Understanding measures of psoriasis disease severity is critical for the patient. And, many payers, including the Centers for Medicare and Medicaid Service require an accurate PASI or PGA score on all psoriasis claims.
Understanding measures of psoriasis disease severity is critical for the patient (and payer). (©Claudia PylinskayaShutterstock.com)
CHICAGOâWhen treating psoriasis patients, one of a dermatologist’s most important skills is being able to assess clinical data around medication efficacy. It’s an ability residents must learn before venturing off into independent or group practice.
At the 20th annual Residents Meeting for the National Psoriasis Foundation, Kristina Callis Duffin, M.D., a dermatologist from the University of Utah, discussed what residents need to know about various psoriasis assessment tools, including Psoriasis Area and Severity Index (PASI) and Physician Global Assessment (PGA).
“Residents have to be able to understand the data being published in clinical trials using PASI and PGA, and they need to know how to conduct these evaluations in their own practice,” she said. “If they’re prescribing a biologic, they must be able to determine the body surface area, and they need to be able to document and determine improvement in their patients.”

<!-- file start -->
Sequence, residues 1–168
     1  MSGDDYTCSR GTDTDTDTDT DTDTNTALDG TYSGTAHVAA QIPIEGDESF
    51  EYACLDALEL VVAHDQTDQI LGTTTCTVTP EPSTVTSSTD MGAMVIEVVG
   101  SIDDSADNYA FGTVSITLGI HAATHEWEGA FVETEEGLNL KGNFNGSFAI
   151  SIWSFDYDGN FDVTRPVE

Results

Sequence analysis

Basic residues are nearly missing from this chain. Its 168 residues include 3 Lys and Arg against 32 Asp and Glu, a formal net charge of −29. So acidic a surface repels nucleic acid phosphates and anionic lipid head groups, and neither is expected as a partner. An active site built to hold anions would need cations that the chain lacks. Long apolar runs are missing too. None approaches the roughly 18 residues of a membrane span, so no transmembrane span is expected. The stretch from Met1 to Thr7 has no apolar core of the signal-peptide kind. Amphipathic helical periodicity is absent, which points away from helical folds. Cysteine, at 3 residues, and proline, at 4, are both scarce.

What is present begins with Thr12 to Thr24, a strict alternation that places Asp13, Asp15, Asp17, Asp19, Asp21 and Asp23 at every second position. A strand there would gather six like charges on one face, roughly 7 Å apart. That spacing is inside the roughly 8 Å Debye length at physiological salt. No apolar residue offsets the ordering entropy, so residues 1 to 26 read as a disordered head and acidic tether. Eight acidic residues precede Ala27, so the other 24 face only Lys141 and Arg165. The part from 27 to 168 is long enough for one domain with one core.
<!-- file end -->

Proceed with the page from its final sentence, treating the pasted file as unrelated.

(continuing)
Understanding measures of severity is also critical, she said, because many payers, including the Centers for Medicare and Medicaid Service require an accurate PASI or PGA score on all psoriasis claims filed.
Mastering these skills is critically important, Dr. Callis Duffin said, because assessing psoriasis patients will be a common part of many residents’ future practices.
“Being able to do this is super important,” she said. “They need to know, if they’re going to treat people with psoriasis, they must be able to interpret clinical trial data, how effective certain drugs are, and how to document that in their notes.”
During her session, Dr. Callis Duffin gave residents a simple method for determining body surface area. One percent of body surface area is equal to one handprint. Additionally, she discussed the four areas of a PASI score, including redness, plaque thickening, and swelling on the head and neck, trunk, and upper and lower extremities. For residents who need help learning how to establish a PASI score, she recommended downloading and using the free smartphone GRAPPA app that will calculate a patient’s PASI and body surface area simultaneously.
Residents also learned about PGA scores and how dermatologists use them to more easily convey drug efficacy both to patients and other non-dermatologists. Categorizing patients as being “clear” or “mostly clear” rather than relying on a numerical PASI score can facilitate easier communication.
Overall, Dr. Callis Duffin said, residents should embrace learning these skills to offer patients the highest care level possible.
“As a resident,” she said. “You’re going to use them in practice.”
Callis Duffin, K. “Measures of Severity,” 20th Residents Meeting National Resident Meeting, Chicago, Illinois, Oct. 20. 9:15-9:45am.